The Antitrust Division’s complaint is misguided. The AT&T-Time Warner merger is a vertical transaction that wouldn’t reduce competition in any distinct market. Under established antitrust principles, the government will have a difficult time showing a court that the deal is likely to harm consumers. And for an administration that’s touted its efforts to cut unnecessary regulation, seeking to block a potentially beneficial merger is inconsistent with letting American businesses thrive and innovate.
Wayne Crews has spent 20 years exploring how: “[A]ntitrust laws hobble dynamic market processes, infringes on individuals, acts as a special-interest regulation, and the role government plays as the root of monopoly.” Read the Forbes piece he wrote on this deal back when it was first announced.
[O]nly government action, not the existence of big media outlets and potential new ones like AT&T-Time Warner, can obstruct citizen’s access to information—especially once the Internet was unleashed 20 years ago.
Indeed, centralized governmental restriction of media ownership—effectively limiting the size of microphones—is contrary to the very concept of democracy. An entity unleashing sweeping, cross-sectoral power to control of the size, structure, and trajectories of private media outlets is itself the monopoly, if concentration of power is really the concern of those who’ve commented on AT&T-Time Warner.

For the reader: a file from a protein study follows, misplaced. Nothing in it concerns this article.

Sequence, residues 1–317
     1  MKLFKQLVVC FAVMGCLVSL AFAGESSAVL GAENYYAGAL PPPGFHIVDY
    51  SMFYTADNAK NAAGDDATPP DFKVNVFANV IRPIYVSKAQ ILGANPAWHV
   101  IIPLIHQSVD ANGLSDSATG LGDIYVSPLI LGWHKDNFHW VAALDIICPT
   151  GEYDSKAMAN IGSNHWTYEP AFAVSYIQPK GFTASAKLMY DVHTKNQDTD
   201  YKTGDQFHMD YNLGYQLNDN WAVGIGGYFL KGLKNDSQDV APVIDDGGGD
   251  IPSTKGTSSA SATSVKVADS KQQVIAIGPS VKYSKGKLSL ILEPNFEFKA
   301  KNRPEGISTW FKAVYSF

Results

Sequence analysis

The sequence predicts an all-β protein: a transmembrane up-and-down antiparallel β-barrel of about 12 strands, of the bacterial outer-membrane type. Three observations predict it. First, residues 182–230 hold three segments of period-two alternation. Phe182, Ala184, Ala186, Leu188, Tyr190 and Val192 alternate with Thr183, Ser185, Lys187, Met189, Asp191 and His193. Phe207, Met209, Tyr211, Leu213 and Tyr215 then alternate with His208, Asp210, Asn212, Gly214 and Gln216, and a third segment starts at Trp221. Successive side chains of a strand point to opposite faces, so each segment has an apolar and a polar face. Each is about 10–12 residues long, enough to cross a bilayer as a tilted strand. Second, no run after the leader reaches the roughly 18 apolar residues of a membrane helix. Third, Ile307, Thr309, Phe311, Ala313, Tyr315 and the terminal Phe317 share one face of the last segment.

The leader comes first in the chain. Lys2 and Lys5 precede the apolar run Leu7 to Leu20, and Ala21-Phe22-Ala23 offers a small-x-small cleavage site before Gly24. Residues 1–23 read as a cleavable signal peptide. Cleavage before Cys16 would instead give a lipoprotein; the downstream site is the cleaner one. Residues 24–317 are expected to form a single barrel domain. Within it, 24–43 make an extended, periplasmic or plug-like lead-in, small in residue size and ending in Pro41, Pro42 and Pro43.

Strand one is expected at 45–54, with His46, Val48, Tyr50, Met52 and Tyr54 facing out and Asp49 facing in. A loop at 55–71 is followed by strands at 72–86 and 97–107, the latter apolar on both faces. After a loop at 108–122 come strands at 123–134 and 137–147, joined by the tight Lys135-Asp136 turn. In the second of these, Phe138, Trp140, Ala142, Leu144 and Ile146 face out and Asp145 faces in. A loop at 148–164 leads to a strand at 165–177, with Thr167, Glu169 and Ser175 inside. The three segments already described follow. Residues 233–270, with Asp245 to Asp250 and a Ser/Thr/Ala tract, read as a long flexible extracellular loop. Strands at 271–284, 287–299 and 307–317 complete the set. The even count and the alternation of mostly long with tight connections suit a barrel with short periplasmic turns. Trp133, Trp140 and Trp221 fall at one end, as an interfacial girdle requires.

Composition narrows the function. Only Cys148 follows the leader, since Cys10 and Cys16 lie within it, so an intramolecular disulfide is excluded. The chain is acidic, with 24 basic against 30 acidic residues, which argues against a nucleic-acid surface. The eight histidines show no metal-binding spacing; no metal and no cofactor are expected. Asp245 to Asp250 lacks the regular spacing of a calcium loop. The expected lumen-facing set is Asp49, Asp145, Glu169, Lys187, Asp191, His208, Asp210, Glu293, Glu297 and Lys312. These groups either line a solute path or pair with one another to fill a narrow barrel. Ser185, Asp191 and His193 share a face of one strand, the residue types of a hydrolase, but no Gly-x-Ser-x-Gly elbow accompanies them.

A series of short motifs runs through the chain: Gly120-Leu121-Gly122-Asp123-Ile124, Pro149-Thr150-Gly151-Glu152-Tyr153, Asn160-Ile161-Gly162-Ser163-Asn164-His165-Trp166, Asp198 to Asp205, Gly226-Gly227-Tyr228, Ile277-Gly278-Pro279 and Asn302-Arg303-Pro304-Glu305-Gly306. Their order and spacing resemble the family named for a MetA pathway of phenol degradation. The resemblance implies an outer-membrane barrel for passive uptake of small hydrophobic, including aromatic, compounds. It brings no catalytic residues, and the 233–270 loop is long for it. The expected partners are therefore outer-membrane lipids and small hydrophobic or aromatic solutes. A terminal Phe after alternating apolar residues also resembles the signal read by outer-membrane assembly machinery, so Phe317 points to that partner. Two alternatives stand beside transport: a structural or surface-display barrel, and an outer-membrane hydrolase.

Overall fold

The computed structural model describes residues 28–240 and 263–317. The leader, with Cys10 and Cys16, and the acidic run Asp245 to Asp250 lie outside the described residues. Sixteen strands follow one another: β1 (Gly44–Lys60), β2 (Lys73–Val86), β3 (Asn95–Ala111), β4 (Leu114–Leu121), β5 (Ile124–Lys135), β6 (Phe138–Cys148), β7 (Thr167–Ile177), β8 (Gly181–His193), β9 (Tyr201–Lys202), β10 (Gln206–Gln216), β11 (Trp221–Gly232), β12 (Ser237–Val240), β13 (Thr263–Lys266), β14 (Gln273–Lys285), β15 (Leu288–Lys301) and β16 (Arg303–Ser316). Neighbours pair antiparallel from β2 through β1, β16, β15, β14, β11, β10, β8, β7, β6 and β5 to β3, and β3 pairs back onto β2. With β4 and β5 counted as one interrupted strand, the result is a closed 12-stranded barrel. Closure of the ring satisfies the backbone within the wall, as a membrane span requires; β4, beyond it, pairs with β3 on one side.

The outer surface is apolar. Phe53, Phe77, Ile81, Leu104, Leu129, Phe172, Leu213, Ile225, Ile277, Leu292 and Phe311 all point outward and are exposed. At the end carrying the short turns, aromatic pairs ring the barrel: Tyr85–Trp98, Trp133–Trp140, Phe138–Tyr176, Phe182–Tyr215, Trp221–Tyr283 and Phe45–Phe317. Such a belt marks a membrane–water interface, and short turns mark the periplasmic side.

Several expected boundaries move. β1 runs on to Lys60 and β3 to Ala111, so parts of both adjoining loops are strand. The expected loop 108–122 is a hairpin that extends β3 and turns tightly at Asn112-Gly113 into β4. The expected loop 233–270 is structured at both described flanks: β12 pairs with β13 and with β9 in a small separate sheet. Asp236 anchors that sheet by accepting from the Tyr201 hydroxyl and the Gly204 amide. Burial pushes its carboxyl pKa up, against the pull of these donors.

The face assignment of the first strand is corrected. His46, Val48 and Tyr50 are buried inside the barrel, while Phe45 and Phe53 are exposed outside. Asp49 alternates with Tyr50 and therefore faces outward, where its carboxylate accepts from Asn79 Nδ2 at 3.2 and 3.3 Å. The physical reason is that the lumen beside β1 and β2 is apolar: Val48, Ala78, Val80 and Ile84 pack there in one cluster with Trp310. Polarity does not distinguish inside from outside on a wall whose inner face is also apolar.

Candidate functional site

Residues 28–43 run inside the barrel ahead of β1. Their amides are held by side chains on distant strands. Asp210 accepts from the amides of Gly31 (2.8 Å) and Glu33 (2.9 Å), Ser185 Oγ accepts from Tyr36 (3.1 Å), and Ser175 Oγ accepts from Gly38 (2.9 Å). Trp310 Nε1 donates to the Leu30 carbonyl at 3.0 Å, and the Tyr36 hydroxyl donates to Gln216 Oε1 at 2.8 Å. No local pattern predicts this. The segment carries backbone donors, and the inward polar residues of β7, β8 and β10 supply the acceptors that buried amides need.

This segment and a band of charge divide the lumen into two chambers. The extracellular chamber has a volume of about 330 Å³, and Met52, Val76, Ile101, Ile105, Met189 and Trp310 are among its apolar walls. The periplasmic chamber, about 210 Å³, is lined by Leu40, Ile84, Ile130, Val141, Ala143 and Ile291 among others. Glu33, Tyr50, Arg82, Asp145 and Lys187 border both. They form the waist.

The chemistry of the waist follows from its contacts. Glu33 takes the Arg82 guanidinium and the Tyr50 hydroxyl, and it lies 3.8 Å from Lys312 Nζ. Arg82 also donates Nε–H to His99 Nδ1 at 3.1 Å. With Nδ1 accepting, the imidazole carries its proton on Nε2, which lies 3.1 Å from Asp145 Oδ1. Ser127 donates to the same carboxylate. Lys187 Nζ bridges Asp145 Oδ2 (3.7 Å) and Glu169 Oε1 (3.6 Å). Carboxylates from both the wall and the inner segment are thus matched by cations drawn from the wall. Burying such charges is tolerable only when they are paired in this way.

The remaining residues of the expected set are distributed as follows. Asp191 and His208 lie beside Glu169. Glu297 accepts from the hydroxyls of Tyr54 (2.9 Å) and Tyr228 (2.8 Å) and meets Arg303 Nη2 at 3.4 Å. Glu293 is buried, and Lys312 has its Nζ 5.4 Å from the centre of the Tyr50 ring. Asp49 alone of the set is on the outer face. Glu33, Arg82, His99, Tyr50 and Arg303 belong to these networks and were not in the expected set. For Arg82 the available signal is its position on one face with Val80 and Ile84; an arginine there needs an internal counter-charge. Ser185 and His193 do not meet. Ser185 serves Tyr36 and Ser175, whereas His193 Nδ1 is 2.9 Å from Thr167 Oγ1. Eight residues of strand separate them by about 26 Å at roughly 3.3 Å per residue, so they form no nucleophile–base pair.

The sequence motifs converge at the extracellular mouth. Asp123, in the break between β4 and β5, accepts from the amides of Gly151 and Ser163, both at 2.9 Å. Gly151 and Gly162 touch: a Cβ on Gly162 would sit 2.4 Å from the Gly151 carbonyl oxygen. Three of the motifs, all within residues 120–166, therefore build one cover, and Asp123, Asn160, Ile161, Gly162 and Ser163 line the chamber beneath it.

Most recent mergers are about television and online/streaming entertainment. But core ideas and debate can never truly be bottled up by “big media” in a free society, where government does not practice censorship. However, individuals do have plenty to fear from a government that believes it acceptable for politicians and bureaucrats to block or control media voices. Larger microphones create and spawn rivalry, and are themselves an exercise or implementation of free speech itself, not its enemy. Big media also activates social media responses, making broadcasters and “big media” voices out of all of us.
When federal agencies care strictly about consumer welfare, vertical integration like the AT&T merger will almost always be approved because, as Hal Singer discusses in detail, there’s little risk consumers would be worse off. Makan Delrahim, leader of Trump’s DOJ Antitrust Division, got it right last year: “This is more of what we call a vertical merger. ... I don't see this as a major antitrust problem.”
However, when antitrust law no longer focuses on consumer welfare, and when vague hipster concerns about the bigness of firms are actionable, regulators have a free hand to demand conditions for political or personal advantage. While we might be concerned about media consolidation, antitrust enforcement generically aimed at “big business” is a gift to would-be tyrants.
As for the reported conditions on the AT&T merger, they seem misplaced in an age when anyone with a smartphone can be a content creator, and when new entrants like Netflix, Amazon, Hulu, and Disney are disrupting content distribution.